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Old 06-02-2016, 11:29 AM
CannyDan CannyDan is offline
Join Date: Feb 2007
Location: East coast of Florida
Posts: 2,706
Originally Posted by TokyoBayer View Post
It's been several years since I read Jared's book, but if you have something which can definitively rebut his expert opinion, I'd love to hear it.
No, I make no such claim. My former wife rode and trained horses to a high level of performance, even bred a few, and I was intimately involved in her hobby/business for a couple of decades. I work professionally with wild animals. So I believe I have some applicable background, although not enough to consider my own word to be authoritative. Still, I’m comfortable saying that the “it can’t be done because it hasn’t been done” argument doesn’t totally satisfy me.

I wasn’t speaking of training any single animal to a specific and reliable level of performance that would make a zebra comparable to a horse. That does appear to be, if not impossible, at least approaching it. Instead though I was speaking of a lengthy program of selective breeding for tractability (and any other desirable traits that could be augmented by selection while not compromising the primary goal of tractability). I don’t believe this has ever been done. And so I can speculate that it might be – in fact it should be – successful.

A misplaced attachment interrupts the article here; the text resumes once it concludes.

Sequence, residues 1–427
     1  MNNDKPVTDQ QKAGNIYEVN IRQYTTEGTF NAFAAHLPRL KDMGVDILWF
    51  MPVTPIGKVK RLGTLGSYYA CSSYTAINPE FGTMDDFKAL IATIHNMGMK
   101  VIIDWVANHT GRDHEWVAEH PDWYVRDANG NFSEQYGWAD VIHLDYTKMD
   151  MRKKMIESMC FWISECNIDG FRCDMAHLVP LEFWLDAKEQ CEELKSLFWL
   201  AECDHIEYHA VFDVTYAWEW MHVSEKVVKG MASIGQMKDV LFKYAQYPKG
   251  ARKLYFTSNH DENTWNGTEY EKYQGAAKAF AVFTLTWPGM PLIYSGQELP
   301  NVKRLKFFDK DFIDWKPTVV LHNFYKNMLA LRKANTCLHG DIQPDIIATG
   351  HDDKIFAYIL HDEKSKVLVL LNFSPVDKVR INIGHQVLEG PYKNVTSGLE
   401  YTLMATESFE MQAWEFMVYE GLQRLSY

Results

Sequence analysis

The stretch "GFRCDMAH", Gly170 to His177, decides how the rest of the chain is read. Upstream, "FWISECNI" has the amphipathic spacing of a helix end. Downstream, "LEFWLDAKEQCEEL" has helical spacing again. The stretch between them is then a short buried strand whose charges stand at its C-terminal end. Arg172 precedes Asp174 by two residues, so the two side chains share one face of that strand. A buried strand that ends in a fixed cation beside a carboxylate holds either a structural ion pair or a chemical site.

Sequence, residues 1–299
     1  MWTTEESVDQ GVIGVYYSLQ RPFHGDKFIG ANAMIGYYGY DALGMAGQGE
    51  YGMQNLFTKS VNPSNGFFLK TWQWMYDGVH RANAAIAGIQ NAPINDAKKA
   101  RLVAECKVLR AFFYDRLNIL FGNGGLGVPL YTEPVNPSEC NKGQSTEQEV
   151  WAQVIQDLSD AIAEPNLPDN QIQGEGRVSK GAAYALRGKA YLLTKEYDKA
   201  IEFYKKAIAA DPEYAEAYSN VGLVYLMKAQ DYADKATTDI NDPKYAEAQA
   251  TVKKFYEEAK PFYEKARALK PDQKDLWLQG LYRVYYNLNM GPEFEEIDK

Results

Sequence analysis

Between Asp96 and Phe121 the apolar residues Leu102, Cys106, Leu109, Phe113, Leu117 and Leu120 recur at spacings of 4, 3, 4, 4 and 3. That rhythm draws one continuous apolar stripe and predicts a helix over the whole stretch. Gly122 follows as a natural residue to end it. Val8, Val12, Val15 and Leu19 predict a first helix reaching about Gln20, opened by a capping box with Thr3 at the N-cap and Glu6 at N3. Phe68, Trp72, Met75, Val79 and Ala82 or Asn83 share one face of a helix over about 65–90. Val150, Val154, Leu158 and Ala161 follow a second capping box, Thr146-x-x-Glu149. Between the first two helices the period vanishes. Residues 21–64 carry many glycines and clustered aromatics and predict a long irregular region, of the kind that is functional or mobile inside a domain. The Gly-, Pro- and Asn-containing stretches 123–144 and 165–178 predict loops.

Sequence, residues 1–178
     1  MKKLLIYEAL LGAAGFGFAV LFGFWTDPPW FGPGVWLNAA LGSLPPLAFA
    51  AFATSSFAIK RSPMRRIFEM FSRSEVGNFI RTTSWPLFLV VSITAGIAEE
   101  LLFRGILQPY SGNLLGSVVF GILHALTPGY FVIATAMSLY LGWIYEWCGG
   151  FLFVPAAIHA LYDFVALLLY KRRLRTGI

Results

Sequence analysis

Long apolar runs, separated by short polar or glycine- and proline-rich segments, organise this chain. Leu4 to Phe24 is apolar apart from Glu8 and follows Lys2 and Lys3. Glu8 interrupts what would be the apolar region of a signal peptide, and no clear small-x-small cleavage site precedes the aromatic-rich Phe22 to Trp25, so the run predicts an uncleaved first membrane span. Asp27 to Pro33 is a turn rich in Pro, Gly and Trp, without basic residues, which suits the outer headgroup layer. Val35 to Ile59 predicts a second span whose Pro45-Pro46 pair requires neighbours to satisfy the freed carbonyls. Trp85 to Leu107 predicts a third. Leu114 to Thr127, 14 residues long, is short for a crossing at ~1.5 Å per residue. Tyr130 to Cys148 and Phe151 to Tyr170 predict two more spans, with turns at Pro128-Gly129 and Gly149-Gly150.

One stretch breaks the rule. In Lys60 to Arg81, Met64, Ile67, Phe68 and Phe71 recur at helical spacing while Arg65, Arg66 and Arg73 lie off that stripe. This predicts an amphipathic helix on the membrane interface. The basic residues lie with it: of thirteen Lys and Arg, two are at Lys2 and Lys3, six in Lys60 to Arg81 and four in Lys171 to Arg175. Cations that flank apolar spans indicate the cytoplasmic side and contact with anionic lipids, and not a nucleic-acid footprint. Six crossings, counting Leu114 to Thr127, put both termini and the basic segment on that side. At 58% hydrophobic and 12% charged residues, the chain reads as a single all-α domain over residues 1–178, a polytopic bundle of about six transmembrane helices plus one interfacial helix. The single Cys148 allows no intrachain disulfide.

Why has the zebra never been domesticated in such a manner by any of the indigenous peoples living alongside zebras? Again I’ll speculate. To do so would require a stable society with a surplus of resources and an ability to sacrifice short term benefit to long term goals. A herd of captive zebras, undomesticated but fenced, could supply meat to the tribe all year long. This might arguably be benefit enough, and could eventually result in domesticated zebras. But one major problem would be providing food for the herd. So the tribe would need to grow or collect and transport sufficient browse for the herd, or the tribe would need to become nomadic herders. That might be problem enough to end any such attempt. The additional problems inherent in simply keeping the zebra herd confined or under constant control with limited manpower and subject to apex zebra predators including lions, leopards, and hyenas seem virtually insurmountable to me. At least, not worth the effort when wild zebras are seasonally available for hunting.

Add a requirement that individual zebras be identified and rated for tractability (or other desirable trait). Now only certain individuals should be bred to certain other individuals. And their offspring must be kept separate from the zebras that are necessarily butchered for meat, and themselves propagated in turn. And this effort has to be maintained over a period of at least decades if not longer. Never interrupted by a need to eat the “special ones” during a famine. No loss of the herd to wildfire, drought, or predator attack. No war with another tribe, or any of the countless other possible events that would set the entire breeding program back to square one.

Given the difficulties inherent in having “a stable society with a surplus of resources and an ability to sacrifice short term benefit to long term goals”, the conditions necessary for a long term breeding program might never have existed.